In an exemplary embodiment of the present invention, the sensor chip may have chromatographic media, e.g., chemically modified silica-based or ‘gold-on-silica’ based chromatographic media, in the channel adjacent to or downstream from the surface plasmon generating film in a separate channel or chamber. The media may be modified in an identical manner as the surface plasmon generating film. Modification may occur either in situ or prior to its placement in the channel or chamber. Modifications that occur in situ due to the contents of the flow stream may be ligand-ligate attachments that may be simultaneously executed with the section of the channel that contains or is in contact with the surface plasmon generating film. Chemical modifications that may occur prior to placement of the media within the channel or chamber may be of a similar, if not identical, process that has been executed on the surface plasmon generating film that enables the film to accept ligand-ligate attachments.

The media may be placed within the channel above the area where the SPR phenomenon is occurring or downstream in the channel or chamber in an area that is physically situated beyond the surface plasmon generating film. This area, channel or chamber may be created, for example, using a weir structure or by adjusting the area, channel or chamber dimensions, e.g., provide for a taper, so as to cause a congregation of media in one area.

In an exemplary embodiment of the present invention, the sensor chip or sensor substrate may be made from polyimide.

In an exemplary embodiment of the present invention, the optical detector may be configured to generate radiation having a wavelength greater than or equal to approximately 700 nm.

In an exemplary embodiment of the present invention, the sensor chip or sensor substrate may be made from silicon.

In an exemplary embodiment of the present invention, the optical detector may be configured to generate radiation having a wavelength greater than or equal to approximately 1100 nm.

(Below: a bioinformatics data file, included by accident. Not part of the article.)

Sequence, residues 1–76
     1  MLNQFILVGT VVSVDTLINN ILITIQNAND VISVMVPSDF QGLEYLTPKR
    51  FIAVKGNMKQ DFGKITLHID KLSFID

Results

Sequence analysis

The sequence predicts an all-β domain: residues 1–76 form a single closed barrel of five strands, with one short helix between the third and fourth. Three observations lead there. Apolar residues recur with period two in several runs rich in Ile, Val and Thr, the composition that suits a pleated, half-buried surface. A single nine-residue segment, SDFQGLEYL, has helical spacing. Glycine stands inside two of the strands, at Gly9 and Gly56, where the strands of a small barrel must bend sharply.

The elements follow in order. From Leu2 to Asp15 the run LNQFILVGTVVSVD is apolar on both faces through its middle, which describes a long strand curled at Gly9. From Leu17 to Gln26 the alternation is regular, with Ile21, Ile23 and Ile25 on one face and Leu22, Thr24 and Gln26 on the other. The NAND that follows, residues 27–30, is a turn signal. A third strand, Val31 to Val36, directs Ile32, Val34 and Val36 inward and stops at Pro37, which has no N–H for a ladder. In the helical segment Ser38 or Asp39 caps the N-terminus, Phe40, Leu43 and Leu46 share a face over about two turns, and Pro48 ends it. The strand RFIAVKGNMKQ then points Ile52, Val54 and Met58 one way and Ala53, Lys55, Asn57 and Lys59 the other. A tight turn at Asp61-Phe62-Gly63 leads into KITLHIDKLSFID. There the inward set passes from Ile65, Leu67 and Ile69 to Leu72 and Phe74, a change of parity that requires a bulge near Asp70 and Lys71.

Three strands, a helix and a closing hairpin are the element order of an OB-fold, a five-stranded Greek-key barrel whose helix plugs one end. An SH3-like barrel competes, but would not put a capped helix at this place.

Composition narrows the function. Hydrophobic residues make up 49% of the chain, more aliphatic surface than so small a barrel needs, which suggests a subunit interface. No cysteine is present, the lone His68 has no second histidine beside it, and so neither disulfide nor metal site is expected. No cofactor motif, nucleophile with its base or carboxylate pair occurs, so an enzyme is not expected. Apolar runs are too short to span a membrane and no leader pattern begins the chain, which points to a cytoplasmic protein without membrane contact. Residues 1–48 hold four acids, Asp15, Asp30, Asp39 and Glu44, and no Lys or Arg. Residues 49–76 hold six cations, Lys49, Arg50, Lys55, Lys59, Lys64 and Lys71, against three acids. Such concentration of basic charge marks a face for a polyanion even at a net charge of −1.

In an exemplary embodiment of the present invention, the optical detector may include a detector configured to detect the radiation after it has reflected from the surface plasmon generating film.

In an exemplary embodiment of the present invention, the detector may be a silicon based detector, for example, such as one of a PIN diode, CMOS chip and a CCD array.

In an exemplary embodiment of the present invention, the detector may be an infrared photodetector.

In an exemplary embodiment of the present invention, the infrared photodetector may include an InGaAs sensor.

In an exemplary embodiment of the present invention, the SPR system may include a pump for pumping sample for analysis through the channel.

An exemplary embodiment of a sensor chip of the present invention may include a substrate, at least a portion of said substrate containing a surface plasmon generating film. The sensor chip may at least partially be made from a material that is not transparent to visible radiation but allows radiation having a predetermined wavelength in at least a portion of the non-visible wavelength range to pass through the sensor chip to the film.

In an exemplary embodiment of the present invention, the substrate may includes at least one channel and the surface plasmon generating film may be located in or adjacent said channel.